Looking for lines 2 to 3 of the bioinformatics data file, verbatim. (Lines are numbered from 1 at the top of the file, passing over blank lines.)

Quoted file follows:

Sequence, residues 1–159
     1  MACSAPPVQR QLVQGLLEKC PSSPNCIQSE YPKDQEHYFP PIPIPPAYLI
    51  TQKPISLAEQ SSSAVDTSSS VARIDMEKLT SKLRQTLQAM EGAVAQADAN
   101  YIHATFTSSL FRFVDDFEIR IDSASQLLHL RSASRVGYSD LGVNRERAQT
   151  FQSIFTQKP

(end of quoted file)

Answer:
     1  MACSAPPVQR QLVQGLLEKC PSSPNCIQSE YPKDQEHYFP PIPIPPAYLI
    51  TQKPISLAEQ SSSAVDTSSS VARIDMEKLT SKLRQTLQAM EGAVAQADAN